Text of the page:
Market Research

Would you like to research different markets to find out about competitors and consumers, and then advise companies based on your findings? If so, working in market research could be of interest to you!

Market research affects us all! It informs nearly all levels of economic, social and political decision making and is a buoyant industry in the UK, worth over £3 billion a year, employing close to 60,000 highly qualified people. It is a fast-moving industry, high profile and intellectually challenging, offering a variety of employment opportunities, particularly in the UK, Europe and Asia.

Market research attempts to understand why we may want, need, buy or use a particular product or service. Good market research is critical for business and government, helping them to test markets, and inform marketing strategy and policy-making. There are two key types of market research – quantitative and qualitative. Quantitative research provides a statistical interpretation, whereas qualitative research attempts to analyse people’s behaviours, motivations and attitudes – the ‘whats’, ‘hows’, and ‘whys’. Primary market research relies on the collection and interpretation of reliable and valuable information/data.

Typical activities

Typical work activities will vary according to the employer and the nature of the role. These may include:

  • Proposal writing, project design and project management
  • Questionnaire design and surveying
  • Briefing interviewers and researchers
  • Using statistical software to manage and organise information
  • Focus and group discussions and interviews
  • In depth consumer understanding with collages/metaphors or in-home or shopalong in various trade channels
  • Fieldwork management
  • Data analysis and interpretation of findings
  • Modelling and simulation
  • Report writing and presentation of findings and recommendations
  • Advising clients/management on how to make best use of the research findings

Where to work

Most market researchers work either in a market research agency, consultancy, or within the marketing divisions of large industrial or commercial organisations (e.g. P&G, Unilever and Tesco). Market researchers often specialise within the sector, such as in consumer or social research. The Government Statistical Service (GSS) is also known for its recruitment of market researchers into a range of divisions, such as finance, public health and housing, to manage and tabulate statistics. For public sector opportunities see the Government Statistical Service and also the Office for National Statistics Jobs pages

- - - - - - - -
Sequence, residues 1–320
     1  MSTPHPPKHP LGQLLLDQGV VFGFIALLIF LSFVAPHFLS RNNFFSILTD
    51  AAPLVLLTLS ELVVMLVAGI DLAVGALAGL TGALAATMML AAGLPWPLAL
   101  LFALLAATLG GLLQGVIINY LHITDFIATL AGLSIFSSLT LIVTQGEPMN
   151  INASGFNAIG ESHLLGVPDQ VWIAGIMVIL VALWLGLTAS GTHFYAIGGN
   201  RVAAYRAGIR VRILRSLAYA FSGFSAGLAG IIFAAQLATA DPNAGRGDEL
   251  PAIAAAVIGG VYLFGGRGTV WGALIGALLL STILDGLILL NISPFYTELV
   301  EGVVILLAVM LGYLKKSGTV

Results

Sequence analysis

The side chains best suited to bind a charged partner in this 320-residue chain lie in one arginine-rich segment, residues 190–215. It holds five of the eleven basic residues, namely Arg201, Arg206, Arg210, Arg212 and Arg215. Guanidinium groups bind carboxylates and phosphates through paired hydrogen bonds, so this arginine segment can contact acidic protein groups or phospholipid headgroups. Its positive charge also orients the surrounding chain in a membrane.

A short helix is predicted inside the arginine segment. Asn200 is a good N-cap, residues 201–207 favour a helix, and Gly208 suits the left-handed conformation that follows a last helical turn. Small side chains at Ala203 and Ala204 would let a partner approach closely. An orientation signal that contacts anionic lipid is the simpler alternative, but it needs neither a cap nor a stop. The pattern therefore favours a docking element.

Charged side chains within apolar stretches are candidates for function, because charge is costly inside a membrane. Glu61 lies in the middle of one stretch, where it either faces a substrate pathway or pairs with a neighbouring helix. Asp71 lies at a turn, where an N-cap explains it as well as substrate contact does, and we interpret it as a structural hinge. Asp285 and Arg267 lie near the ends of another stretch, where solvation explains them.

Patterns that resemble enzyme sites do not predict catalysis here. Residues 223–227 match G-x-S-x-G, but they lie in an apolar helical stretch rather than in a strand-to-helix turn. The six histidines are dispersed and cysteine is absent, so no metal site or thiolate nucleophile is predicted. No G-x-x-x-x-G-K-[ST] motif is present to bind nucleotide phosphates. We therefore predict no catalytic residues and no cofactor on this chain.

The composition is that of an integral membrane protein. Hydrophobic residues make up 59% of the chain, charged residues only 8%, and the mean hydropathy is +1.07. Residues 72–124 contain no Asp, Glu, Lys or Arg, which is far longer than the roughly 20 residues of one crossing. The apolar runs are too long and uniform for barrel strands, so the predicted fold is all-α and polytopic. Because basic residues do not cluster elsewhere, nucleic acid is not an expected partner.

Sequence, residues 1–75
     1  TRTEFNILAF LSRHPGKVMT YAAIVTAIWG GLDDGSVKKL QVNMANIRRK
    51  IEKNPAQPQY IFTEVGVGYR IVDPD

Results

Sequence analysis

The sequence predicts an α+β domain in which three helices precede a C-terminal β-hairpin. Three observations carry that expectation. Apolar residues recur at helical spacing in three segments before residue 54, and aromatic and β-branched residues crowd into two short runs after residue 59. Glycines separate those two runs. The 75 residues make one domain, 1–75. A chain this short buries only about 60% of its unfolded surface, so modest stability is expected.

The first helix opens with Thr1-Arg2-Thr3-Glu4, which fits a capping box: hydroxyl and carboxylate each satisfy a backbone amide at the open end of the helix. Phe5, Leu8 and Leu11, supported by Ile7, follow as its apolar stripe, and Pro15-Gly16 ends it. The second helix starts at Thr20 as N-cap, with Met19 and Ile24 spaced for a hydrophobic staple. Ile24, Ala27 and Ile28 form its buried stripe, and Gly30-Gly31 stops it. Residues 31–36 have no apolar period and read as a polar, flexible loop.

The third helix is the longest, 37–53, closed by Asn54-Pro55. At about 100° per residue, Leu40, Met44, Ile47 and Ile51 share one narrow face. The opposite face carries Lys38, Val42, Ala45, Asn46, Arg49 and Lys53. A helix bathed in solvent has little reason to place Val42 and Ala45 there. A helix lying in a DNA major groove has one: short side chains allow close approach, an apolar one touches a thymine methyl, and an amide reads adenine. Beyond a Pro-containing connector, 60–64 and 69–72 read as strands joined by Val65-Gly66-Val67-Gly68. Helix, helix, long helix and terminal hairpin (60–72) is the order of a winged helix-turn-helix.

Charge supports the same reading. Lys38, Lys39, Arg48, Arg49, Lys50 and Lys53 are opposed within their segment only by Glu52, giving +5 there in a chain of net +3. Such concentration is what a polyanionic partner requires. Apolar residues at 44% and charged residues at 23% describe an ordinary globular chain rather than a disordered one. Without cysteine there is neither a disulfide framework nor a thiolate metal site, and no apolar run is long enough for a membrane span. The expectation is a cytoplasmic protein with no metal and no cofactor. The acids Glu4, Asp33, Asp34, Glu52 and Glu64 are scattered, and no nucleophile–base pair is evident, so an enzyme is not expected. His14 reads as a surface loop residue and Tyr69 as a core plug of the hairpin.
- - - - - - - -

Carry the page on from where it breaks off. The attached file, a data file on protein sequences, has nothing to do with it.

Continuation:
A number of larger advertising agencies also include market research and econometrics divisions within their group structure e.g. Kantar Operations (part of WPP Group).

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Roles which Oxford graduates might consider include:

Market Research Executive: 

Working in an agency or consultancy, this is the person responsible for understanding what the client wants, designing and implementing the research, analysing and interpreting the results, compiling reports, and finally presenting results and recommendations to the client. In the marketing department of a large industrial or commercial organisation, the role places more emphasis upon planning ongoing research and providing agencies with a clear brief; as well as ensuring those objectives are met. They often have an area of specialism, such as fashion or banking.

Market Research Statistician / Analyst: 

This role is to organise and implement inputting and analysis of data by using statistical software and mathematical modelling designed to get the most out of raw data. Data analysts are also highly sought after in Higher Education admissions departments, such as here at the Exam Schools.

Most opportunities do not require a specific degree discipline but some organisations will look for the specialist knowledge base provided by a computer science, statistical or economics degree. Postgraduate studies at Master’s or DPhil level, including research or statistics, can also provide a useful background. The Market Research Society offers an Advanced Certificate in Market and Social Research Practice as a first-level qualification into Market Research. A number of employers include this as part of their training programme.

There are an increasing number of organisations that offer Graduate Recruitment Schemes, including Nielsen (Head Office in Oxford), GfK NOP, TNS, Ipsos MORI, Dunnhumby, Millward Brown Group, YouGov and Kantar Operations. Visit their websites for details.

Skills needed